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Why CPD is so important to employees and employers

Written by: Adam Bernstein
Published on: 23 Apr 2024


Image © corepics / Adobe Stock

Those who think learning ends when leaving school have a very narrow outlook. The best way to continue the process of learning in what is termed continuing professional development (CPD), and those who take this seriously, through their own efforts, put themselves in the best possible position to advance and succeed in their chosen careers.

It is for this reason that the professions require members to continually learn, so as to stay up to date with new developments.

Indeed, it is invariably a requirement that CPD is undertaken to maintain registration of a professional body.

But what is CPD? What advantages to the individual does it bring? And how should it be introduced into the workplace for all employees?

CPD’s importance

CPD has at its core the enhancement of an individual’s skills and abilities beyond what they have learned on the journey to being formally qualified. The real world is radically different to academia and is constantly in a state of flux; CPD is a pathway to keeping in line with those changes.

But CPD is much more than that, as it permits learning in a structured, practical and relevant way to both the individual and the job. It allows them to focus on what it is – whether that be skills or knowledge – they need to be able to recognisably improve their expertise and skillset.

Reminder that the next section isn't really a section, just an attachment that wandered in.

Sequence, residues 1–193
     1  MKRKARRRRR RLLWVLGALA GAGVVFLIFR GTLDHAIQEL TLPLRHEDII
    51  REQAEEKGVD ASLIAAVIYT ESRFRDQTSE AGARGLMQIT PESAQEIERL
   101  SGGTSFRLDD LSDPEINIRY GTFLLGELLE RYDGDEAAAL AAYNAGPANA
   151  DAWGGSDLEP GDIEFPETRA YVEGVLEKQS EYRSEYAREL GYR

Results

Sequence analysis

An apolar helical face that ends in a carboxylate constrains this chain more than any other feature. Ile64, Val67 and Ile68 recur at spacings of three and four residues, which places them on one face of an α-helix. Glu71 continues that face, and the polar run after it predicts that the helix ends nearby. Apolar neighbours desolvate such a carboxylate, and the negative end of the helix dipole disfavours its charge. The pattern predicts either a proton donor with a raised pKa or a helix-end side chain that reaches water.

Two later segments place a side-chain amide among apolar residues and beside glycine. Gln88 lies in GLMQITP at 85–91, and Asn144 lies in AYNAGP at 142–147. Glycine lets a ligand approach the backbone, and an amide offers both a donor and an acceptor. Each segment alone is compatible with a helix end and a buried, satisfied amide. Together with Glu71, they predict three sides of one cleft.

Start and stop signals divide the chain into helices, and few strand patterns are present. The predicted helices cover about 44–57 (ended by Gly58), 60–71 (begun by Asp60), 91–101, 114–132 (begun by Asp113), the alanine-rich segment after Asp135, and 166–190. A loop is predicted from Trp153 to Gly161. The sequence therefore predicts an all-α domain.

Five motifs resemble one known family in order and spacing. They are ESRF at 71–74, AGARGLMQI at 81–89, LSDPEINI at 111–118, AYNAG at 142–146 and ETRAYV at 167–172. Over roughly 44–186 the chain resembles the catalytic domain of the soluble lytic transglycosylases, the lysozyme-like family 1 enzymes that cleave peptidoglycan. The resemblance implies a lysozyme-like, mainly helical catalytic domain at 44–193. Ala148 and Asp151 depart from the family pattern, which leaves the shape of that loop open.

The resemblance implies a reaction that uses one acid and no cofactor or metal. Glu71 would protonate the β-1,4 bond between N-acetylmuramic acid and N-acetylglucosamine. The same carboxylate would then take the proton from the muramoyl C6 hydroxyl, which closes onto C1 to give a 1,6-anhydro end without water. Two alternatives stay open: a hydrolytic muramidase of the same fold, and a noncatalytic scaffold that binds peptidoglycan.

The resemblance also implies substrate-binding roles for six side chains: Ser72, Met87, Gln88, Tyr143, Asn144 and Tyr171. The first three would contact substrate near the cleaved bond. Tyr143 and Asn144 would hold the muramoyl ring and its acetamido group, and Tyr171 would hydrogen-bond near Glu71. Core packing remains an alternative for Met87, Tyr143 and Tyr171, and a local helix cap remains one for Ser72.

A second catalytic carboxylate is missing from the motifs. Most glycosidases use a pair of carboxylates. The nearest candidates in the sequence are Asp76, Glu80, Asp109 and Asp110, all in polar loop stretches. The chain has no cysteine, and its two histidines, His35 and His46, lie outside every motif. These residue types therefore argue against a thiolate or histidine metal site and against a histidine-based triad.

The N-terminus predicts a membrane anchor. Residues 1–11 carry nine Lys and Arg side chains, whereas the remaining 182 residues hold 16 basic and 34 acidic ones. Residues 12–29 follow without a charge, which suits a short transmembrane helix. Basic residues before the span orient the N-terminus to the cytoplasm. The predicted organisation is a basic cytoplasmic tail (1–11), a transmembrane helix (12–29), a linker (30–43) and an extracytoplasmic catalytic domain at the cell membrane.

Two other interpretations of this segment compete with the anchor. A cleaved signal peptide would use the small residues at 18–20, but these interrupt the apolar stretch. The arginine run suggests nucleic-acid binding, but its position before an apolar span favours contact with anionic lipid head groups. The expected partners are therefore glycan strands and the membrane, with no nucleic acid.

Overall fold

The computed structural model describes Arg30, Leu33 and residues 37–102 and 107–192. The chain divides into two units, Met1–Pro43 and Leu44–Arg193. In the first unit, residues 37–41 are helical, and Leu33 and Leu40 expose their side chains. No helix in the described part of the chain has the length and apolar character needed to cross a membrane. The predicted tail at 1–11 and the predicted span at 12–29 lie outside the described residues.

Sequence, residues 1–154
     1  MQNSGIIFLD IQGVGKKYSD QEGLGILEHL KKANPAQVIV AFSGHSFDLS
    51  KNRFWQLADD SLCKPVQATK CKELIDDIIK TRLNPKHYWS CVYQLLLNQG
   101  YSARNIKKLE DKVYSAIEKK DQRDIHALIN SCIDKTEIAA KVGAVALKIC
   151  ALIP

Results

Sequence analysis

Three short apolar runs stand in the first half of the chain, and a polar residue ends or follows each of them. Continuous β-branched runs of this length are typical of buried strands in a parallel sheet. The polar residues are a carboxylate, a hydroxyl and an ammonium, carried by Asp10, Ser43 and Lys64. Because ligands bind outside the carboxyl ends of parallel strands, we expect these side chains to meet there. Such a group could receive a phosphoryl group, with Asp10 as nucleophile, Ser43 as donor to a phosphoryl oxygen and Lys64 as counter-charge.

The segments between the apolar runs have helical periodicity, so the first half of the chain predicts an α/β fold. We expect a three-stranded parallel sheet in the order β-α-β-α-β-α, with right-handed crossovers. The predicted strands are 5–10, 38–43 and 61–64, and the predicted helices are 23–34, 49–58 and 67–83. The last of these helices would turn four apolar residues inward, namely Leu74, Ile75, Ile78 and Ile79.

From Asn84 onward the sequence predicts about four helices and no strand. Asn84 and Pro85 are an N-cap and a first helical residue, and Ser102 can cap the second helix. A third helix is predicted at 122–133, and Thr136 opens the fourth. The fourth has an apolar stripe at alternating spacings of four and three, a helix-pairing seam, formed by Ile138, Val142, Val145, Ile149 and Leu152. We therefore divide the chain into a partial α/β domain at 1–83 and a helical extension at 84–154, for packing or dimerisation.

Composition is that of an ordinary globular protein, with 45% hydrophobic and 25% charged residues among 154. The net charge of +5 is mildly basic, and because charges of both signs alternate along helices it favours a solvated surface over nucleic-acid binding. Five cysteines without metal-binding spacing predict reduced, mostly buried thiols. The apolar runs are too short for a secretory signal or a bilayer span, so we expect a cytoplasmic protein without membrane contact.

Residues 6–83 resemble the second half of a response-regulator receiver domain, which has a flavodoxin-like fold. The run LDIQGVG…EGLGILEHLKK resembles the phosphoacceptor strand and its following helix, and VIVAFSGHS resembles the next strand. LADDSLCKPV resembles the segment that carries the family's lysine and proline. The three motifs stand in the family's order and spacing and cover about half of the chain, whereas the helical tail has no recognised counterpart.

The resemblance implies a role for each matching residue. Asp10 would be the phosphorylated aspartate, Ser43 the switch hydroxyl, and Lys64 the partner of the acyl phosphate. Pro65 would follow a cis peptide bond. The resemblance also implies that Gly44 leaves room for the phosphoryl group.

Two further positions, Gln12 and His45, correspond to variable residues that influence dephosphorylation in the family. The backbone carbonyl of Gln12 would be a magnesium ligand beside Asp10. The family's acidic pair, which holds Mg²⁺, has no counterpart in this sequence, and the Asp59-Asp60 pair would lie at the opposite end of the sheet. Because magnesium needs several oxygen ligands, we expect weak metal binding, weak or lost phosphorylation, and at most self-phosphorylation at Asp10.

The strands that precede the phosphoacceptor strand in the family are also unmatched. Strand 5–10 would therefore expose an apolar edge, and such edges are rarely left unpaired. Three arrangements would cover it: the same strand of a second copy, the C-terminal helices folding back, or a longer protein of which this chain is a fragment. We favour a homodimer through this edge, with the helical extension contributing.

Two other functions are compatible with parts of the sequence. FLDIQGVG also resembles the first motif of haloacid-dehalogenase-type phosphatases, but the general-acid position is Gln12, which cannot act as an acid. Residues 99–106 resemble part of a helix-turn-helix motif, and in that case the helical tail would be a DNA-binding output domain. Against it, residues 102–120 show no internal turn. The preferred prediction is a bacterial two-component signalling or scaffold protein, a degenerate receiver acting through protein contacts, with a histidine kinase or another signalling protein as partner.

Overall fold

Types of CPD

Three main types of CPD encompass a variety of different learning methods. The first is structured CPD that is typically proactive and includes participation in training courses, online modules, e-learning, seminars, conferences, workshops, group meetings and CPD-certified events. This involves a more formal approach to CPD, and those who undertake this type of professional development prove their participation to the likes of the RCVS in terms of CPD hours. Some organisations convert to points, units or credits.

An alternative is reflective learning. This is more passive and entails no participant-based interaction.

The third type is self-directed CPD, and this usually comprises activities that an individual may undertake on their own initiative, such as reading documents, articles and publications. This form of CPD can be more challenging to acquire evidence for, so it is helpful if individuals keep a record of participation in annual CPD learning.

Importance to employers